Invasive Species

WE OFFER FREE INVASIVE SPECIES IDENTIFICATION SERVICES!

There is a need for a national early detection and rapid response system to prevent invasive species from becoming established. We need your help protecting our treasured natural resources in the Catskill region. Cornell Cooperative Extension is here to help you learn about the invasive species of concern in our region.   We can identify plants and insects at our office in Hamden.

If you find a plant, insect, or animal that you suspect could be invasive . . . 

  • Please bring it to our office for confirmation OR
  • Send a clear photo (Close-up with white or neutral backgrounds are helpful) along with your contact information. Mail & Email accepted.

If an invasive species is confirmed, you will receive a current fact sheet including management strategies for the particular species. Please consider getting involved. Together we can make a difference and stop the invasion!

Cornell Cooperative Extension of Delaware County is working with the Catskill Regional Invasive Species Partnership (CRISP) to develop an early detection and rapid response system in the Catskill region. Research has shown that the best strategy to deal with invasive species is to identify and eradicate them before they become established. We urge people in our region to join us for this important task. The more eyes we have looking for these invaders, the better able we will be to deal with them quickly and effectively.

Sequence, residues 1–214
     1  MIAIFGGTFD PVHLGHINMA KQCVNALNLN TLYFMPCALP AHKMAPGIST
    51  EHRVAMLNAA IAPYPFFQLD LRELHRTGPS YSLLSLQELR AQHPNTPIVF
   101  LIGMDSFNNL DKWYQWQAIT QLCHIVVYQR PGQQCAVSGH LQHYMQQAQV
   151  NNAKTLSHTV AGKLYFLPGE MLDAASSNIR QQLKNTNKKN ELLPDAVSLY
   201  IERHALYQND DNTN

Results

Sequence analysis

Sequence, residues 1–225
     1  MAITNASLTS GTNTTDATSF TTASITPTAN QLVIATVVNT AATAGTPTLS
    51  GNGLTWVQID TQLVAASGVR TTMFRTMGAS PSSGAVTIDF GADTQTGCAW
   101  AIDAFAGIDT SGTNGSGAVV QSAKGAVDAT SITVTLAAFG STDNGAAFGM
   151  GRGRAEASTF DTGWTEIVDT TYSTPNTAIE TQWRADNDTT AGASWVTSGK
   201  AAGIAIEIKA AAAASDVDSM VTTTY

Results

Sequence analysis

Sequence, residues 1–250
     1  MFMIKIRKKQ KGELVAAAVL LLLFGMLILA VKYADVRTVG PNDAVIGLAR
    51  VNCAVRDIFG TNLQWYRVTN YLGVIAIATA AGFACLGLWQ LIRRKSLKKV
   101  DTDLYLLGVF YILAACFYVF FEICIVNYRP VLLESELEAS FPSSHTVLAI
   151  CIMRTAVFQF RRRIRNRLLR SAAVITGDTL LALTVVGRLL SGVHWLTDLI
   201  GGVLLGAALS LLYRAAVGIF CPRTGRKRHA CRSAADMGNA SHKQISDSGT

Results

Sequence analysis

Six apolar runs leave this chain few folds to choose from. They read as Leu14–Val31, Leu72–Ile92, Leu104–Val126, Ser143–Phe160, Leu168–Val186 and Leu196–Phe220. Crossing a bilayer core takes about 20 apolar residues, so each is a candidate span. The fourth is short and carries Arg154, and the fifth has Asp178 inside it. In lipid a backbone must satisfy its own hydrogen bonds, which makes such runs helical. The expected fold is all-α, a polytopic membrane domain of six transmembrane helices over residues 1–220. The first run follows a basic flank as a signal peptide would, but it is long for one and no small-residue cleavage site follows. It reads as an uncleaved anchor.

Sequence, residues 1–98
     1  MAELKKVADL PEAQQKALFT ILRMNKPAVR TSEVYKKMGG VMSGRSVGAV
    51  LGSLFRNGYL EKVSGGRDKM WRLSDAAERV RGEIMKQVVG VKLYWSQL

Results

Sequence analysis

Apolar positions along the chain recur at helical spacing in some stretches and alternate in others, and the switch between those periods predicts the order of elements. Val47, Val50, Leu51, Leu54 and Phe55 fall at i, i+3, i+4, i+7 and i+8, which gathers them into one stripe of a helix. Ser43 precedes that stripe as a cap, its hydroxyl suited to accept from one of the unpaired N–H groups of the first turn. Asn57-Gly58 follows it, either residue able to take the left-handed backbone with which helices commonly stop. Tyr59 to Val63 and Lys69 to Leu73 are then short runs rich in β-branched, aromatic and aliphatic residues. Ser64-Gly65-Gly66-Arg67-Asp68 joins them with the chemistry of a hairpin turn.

A few examples to watch out for . . .

flowering-swort

Flowering black swallow-wort (left) and pale swallow-wort (right)

Have spread across NE U.S. and S.E Canada and are appearing further west.

Related to milkweed, each swallow-wort plant produces hundreds of seeds.

Here is the result:

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Japanese Knotweed

Member of the buckwheat family.

Introduced into the U.S. from Eastern Asia in the late-1800s.

Can grow from three to 15 feet tall.  Has bamboo-like stems.

Reproduces mainly by rhizomes, sometimes by seed.

Once established can spread rapidly, creating monoculture stands that threaten native plant communities.

Oriental Bittersweet

Grows as a vine.

Introduced in the 1860s as an ornamental and for erosion control.

 Girdles and smothers plants.

 Uproots trees due to its weight

More Information on Invasive Species:

Contact
Carla Hegeman Crim, Ph.D.
Horticulture & Natural Resources Extension Educator
[email protected]
(607) 865-6531